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MONTE CARLO METHOD FOR EXCHANGE AMONG DIFFUSE-GRAY SURFACES

John R. Howell

1. INTRODUCTION

Radiation problems are ideally suited for using the Monte Carlo method. Here, we examine radiant exchange between surfaces in the absence of a participating medium.

The general expression for the radiant emissive power of a surface element is

(1)

In this expression, ε(λ, T, θ, φ, r) is the monochromatic directional emissivity, Iλb is the blackbody spectral intensity, and θ and φ are the angular directions (Fig. 1).

Spherical coordinate system.

Figure 1.  Spherical coordinate system.

Equation (1) places no restriction on the wavelength, direction, or temperature dependence of the emissive power. However, from this point, the discussion is limited to application of the method to diffuse-gray surfaces. Extension to directional-spectral surfaces can be explored in the references.

2. DIRECT SIMULATION MONTE CARLO

Direct simulation Monte Carlo simulates natural radiation phenomena by assuming that the emitted radiant energy is an ensemble of energy bundles, each satisfying the required physical laws. Equation (1) can then be rearranged to yield appropriate probability functions for diffuse-gray surfaces, i.e., ε(λ, T, θ, φ, r) = ε(T, r), as

(2)

in which

(3)
(4)
(5)
(6)

The notation dP indicates a probability density function (PDF) and R denotes a cumulative distribution function (CDF). When Ibλ in the definition of Rλ is replaced by Ebλ = πIbλ, Eq. (3) can be represented for any given temperature as

(7)

where Eb(0 - λT) denotes the blackbody emissive power of the spectral range between λ = 0 and any λ. The fT) = Eb(0 - λT)T4 is a universal function of λ (see Thermopedia section, Blackbody). Then the relation Rλ = fT) with 0 < fT) < 1 represents a universal function that can be used to define the probable wavelength of a photon bundle. The radiation emitted from a surface element is envisioned as the sum of the energy of N photon bundles. The probability functions now can be used to determine the probable wavelength, direction, and energy assigned to each bundle. The wavelength of an energy bundle is determined by assigning to the CDF Rλ the value of a random number drawn from a set of uniformly distributed random numbers between 0 and 1. The value of Rλ that has been set equal to the drawn random number corresponds to a specific λT for a given temperature T. This random number is equal to the fraction of photon bundles that have wavelengths smaller than the corresponding λ. This procedure of relating the random number to the CDF of a function assures that after enough such samples are chosen from the CDF, the original PDF will be reproduced.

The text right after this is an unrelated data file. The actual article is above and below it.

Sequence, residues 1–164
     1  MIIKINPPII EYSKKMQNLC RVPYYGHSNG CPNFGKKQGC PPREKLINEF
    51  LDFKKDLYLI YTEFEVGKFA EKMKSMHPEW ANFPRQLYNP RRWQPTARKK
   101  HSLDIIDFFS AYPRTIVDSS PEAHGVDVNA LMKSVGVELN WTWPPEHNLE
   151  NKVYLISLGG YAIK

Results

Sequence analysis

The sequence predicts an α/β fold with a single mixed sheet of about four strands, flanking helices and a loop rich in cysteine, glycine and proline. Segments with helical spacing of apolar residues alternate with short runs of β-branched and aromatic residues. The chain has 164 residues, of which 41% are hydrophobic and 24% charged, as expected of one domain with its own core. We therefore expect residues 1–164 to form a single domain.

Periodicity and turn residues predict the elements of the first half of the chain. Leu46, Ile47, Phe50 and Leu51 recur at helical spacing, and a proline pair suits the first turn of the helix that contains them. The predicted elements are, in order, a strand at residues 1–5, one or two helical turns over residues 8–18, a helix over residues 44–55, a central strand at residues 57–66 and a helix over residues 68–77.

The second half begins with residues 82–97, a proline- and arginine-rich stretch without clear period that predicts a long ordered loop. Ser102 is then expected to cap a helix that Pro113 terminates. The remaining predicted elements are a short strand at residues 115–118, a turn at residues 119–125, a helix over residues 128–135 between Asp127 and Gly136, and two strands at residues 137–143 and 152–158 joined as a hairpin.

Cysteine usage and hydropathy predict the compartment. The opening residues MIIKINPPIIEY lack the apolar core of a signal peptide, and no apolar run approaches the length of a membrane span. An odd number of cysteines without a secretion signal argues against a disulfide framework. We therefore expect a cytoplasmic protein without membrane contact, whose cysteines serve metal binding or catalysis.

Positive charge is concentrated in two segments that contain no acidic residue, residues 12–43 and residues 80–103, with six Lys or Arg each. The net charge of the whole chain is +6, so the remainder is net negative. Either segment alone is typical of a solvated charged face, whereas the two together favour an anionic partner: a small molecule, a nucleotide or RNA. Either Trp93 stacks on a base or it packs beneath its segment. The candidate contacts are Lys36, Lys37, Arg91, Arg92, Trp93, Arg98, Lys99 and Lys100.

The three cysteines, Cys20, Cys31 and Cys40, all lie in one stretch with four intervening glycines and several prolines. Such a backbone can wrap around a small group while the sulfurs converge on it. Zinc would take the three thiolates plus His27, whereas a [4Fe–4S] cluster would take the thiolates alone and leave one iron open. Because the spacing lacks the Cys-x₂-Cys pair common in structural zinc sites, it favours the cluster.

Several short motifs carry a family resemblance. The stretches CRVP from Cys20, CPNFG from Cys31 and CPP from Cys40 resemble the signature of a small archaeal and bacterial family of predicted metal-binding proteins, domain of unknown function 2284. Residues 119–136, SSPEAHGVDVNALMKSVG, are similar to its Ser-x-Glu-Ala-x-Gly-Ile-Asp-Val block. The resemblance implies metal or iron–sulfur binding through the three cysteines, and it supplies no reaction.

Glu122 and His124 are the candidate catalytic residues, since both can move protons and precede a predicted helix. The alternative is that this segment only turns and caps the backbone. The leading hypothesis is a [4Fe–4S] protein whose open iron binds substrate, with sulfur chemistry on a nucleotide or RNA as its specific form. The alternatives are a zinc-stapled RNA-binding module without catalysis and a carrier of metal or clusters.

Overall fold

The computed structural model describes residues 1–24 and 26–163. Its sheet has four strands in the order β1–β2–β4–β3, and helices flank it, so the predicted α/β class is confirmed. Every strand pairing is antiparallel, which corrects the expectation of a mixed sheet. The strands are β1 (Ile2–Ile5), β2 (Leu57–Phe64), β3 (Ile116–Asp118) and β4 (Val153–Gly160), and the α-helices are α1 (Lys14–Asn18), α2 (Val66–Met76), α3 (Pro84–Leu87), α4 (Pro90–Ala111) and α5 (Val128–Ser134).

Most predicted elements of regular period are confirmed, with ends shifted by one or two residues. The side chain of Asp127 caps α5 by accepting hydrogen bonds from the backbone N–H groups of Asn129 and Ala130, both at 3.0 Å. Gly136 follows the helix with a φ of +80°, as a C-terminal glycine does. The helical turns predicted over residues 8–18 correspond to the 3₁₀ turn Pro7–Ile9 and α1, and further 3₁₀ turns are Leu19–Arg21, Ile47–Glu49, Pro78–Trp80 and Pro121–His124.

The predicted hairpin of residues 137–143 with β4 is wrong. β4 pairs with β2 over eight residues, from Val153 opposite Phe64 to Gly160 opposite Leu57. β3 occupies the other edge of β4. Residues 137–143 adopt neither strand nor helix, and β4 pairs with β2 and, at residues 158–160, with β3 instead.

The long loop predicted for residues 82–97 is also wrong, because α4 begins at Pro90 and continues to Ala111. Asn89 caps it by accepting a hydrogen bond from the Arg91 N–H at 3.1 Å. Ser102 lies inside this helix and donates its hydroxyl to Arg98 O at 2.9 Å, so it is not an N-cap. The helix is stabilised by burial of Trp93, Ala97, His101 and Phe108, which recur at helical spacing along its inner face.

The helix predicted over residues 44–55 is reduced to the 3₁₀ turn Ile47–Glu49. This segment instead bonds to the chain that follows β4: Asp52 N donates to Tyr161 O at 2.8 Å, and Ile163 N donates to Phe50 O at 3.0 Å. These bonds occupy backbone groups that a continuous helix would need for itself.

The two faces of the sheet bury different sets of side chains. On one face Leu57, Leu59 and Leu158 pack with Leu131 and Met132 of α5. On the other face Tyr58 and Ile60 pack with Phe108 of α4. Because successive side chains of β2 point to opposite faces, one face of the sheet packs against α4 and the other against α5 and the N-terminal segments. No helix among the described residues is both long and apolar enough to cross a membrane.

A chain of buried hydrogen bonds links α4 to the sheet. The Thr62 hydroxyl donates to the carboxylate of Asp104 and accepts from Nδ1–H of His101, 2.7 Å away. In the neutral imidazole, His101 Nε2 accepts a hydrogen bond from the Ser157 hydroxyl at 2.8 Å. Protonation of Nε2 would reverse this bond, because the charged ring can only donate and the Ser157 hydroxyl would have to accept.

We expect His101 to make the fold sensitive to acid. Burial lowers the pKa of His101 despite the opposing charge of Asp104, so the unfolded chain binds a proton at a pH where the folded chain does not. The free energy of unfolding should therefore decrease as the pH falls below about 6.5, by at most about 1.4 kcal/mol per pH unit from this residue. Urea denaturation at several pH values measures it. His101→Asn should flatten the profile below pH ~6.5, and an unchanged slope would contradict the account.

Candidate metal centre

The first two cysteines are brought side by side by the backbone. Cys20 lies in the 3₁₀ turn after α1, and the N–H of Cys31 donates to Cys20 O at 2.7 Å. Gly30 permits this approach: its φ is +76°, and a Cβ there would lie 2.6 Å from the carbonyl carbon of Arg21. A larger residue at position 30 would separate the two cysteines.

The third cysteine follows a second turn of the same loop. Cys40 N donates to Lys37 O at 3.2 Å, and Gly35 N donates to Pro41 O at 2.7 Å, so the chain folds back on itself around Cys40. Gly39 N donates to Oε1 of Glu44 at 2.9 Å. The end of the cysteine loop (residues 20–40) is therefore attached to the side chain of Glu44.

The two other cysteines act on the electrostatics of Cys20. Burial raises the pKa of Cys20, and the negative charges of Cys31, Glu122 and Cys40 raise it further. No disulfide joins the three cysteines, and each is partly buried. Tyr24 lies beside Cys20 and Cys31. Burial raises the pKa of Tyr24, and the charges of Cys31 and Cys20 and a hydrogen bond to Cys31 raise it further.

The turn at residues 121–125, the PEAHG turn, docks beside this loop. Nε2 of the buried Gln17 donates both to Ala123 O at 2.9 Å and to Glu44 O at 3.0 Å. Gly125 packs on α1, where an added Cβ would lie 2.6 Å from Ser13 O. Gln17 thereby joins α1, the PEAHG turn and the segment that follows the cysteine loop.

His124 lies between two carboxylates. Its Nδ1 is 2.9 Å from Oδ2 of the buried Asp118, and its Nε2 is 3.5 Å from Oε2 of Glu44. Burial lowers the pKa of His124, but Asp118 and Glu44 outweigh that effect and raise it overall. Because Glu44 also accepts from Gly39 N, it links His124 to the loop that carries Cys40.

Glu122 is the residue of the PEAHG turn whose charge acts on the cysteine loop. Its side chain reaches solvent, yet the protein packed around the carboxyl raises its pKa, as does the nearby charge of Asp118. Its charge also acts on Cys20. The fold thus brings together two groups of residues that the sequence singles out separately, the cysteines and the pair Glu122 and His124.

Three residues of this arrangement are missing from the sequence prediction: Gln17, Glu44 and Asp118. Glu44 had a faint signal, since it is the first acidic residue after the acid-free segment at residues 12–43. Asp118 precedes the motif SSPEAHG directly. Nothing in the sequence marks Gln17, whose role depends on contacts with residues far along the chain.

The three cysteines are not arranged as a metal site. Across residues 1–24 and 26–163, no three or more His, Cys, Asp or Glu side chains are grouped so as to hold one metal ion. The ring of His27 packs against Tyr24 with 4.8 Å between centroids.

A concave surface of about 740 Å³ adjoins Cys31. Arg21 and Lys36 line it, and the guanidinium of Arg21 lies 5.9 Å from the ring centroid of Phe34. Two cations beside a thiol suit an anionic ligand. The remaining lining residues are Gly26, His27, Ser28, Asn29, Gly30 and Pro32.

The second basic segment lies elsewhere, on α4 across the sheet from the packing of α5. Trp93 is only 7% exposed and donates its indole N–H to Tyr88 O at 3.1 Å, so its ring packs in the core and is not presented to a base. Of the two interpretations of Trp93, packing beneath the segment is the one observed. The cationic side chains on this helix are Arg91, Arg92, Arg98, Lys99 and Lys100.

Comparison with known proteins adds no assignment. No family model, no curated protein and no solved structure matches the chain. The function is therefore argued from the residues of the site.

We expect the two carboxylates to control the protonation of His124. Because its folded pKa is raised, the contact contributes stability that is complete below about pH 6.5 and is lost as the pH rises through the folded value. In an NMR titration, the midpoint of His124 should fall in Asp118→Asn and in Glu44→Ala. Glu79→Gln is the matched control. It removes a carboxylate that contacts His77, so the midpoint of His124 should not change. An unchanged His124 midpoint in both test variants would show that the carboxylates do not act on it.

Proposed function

Random numbers drawn from the same set and assigned to and Rφ give the angular direction from Eqs. (4) and (5). For the nth photon bundle, let λn, θn, and φn denote the wavelength and directions of emission. The energy portion of the nth photon bundle is the weighting function, Eq. (6), divided by N,

(8)

If the surface is gray, then the weighting function wF(λ), and Eq. (8) can be used directly for photon bundles of equal weight leaving a gray (or black) surface. For diffuse surfaces, Eqs. (4) and (5) are used without individually weighting the photon bundle energies with respect to the angle of emission. Thus, for a diffuse-gray surface, all bundles can be assigned the same weight. Analytical functions relating the desired variables to random numbers are given in Table 1 for diffuse-gray surfaces. Treatment of nondiffuse surfaces is covered in the references.

Table 1. Inverse probability functions for diffuse-gray surfaces

Angle θ (diffuse surface): θ = sin-1 [√Rθ ]
Angle φ (diffuse surface): φ = 2π(Rφ)
Wavelength λ:
For a black or gray surface, for an error of less than ±1% over a broad range for (λT) from 750 μK (Rλ = 5.96×10-6) to 65,000 μK (Rλ = 0.99957), use the relation

3. MONTE CARLO PROCEDURE